• * *Truth be told though, I’m not sure where I would even be as a programmer without VB.NET. Like many, I cut my teeth on VB.NET and it is fun to blame the language for all my short falls as a novice. While I am currently married to C# and rarely speak fondly of my ex, VB.NET taught me so much that it will always hold a spot in my heart… a spot filled with both delight and damnation.

Rob Sullivan (@datachomp)

  • * *First, I like VB.Net because it is much closer to human language (there is actually a clone of VB6 that uses Russian keywords). You don’t have to do the background translation each time you read “virtual real”, or “dynamic static”. Believe it or not, I do believe that “IsNot Nothing” is more readable than “!=null”. “Dim” and “CType” are ugly though.

The other thing I like is that VB.Net is much more relaxed than C#. It had late binding since its first version. It’s got implicit conversions (that you might switch off if you’re a purist), case-insensitive comparison (which is more human-oriented), relaxed event handlers etc etc

What’s really ugly is lambdas. Yes they are in the VB.Net style. But lambdas are ugly enough, and polluting them with keywords makes them even worse.

I believe C# has become the inter-developer language, just like we use English to talk to each other. So, while it’s great to have posts like “how to do that in VB.Net”, whenever I want to post something language-neutral, I’m using a C# example.

Artëm Smirnov (@uluhonolulu)

  • * *i’ve never really been a fan of It has never really felt like a language I have been able to connect with. This is what made me work with C# after my exploits with PHP

Paul Stack (@stack72)

  • * *I started with Basic on the commodore 64 and 128 in the 80s and that was lots of fun because I was only 16 and it was an easy language to pick up all by yourself without having to take classes.

I started with Visual Basic with VB 4 and I believe it was the 16 bit version on windows 3.1. Then I jumped to VB 5 and VB 6. I thought VB was a fun language to code in and liked it a lot. This was RAD (Rapid Application Development) at its best. You could take a form, place a grid control like True DBGrid or one of the Sheridan controls and be up and running in no time.

I also did about a year of classic ASP, you can only imagine what the source code looked like with mixed html and VB all over the place. When I look at ASP MVC it brings back memories from classic ASP to me.

Then I received the .NET 1.0 beta 5 CDs in the white sleeves. Now things changed a lot…since I was also doing Java at that time it was easier for me to pick up c# than to do VB.NET..this was also because most of the samples were in c#. The only time I was doing VB after that was when I did one of the following:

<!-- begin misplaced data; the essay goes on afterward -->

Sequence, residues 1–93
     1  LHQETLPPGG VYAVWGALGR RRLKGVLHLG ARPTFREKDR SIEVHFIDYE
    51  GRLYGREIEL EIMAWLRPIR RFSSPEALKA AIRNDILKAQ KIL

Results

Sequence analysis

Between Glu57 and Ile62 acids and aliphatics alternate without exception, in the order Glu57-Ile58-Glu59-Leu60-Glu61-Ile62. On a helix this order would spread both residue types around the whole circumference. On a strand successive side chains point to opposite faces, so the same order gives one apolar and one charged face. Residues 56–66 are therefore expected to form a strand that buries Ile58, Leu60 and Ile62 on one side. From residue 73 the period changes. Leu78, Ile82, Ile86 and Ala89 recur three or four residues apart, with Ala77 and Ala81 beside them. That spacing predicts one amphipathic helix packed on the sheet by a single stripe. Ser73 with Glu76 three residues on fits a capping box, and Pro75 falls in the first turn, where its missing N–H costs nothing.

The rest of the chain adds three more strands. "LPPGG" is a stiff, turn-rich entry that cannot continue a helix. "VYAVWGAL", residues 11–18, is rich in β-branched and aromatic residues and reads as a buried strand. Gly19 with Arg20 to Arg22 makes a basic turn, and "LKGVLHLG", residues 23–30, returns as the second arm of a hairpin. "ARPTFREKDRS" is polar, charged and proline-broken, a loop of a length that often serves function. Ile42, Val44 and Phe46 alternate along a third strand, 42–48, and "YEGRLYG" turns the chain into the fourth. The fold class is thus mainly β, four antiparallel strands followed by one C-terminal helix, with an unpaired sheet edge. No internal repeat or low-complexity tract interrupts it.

• Used VBA in an Office program like Word or Excel.
  • VBScript in DTS
  • VB in SSIS..but once I migrated to SQL Server 2008 I switched to c#.
  • Debugging some in house Access app that someone else wrote

To me c# is less verbose than VB…I still crinch when I see WHILE..WEND, some things to me just look nicer/more elegant in c# than VB

I do think that c# people look upon VB programmers like they are some lower cast of humanity, the good thing is that the VB person only has to see two words to that…XML Literals.

Denis Gobo (@DenisGobo)

  • * *It’s fair to say that since the introduction of C# and back in 1999, has been on the receiving end of a lot of ‘stick’. Personally, I like to see myself as language agnostic. Whilst I prefer to write C# code, I’m equally at home in Granted is somewhat more verbose than C#, however the likes of CodeRush, Refactor! Pro and Resharper make it almost impossible for a developer to be any more productive in one language over the other.

Passion is what sets developers apart. Christiaan demonstrates great passion for He demonstrates this passion through his blog. Rather than focus on dishing out ‘stick’ to C# developers, he graciously compares and contrasts the often subtle differences between and C#. There isn’t much to separate the languages at a feature level. Passionate developers should be willing and able to embrace either or C# (or any modern programming language for that matter) and be in a position to create solutions. This is particularly true in today’s economic climate if we are seeking gainful employment, we can’t afford to be “just a C# developer”. I would struggle to justify why an application should be developed in C# over For most real-world problems, it’s just a different syntax.

Craig Murphy (@CAMURPHY)

  • * *I started my programming career working with classic ASP using VB and I did so for a few years. At that point I had very little to compare my experience with the language to but I never felt that it held me back in any way or form. A few years later and along came ASP.NET. It took me a while to get started working with WebForms and the more work I did the more pain I experienced. I think I didn’t recognize that it was WebForms that was the root of all my agony and pain so when a friend of mine introduced me to C# I jumped ship hoping it would solve all my problems. However, the agony remained. These days I’ve left the WebForms world for good and my life is looking brighter with every day that passes. So while my current relationship with VB.NET is next to none I’m thinking I might need to open up my heart once more and give it another go. Regardless of what I might find I’m really glad there’s people like you that can shine a light on my path if I ever were to get lost in the scary forests of VB.NET.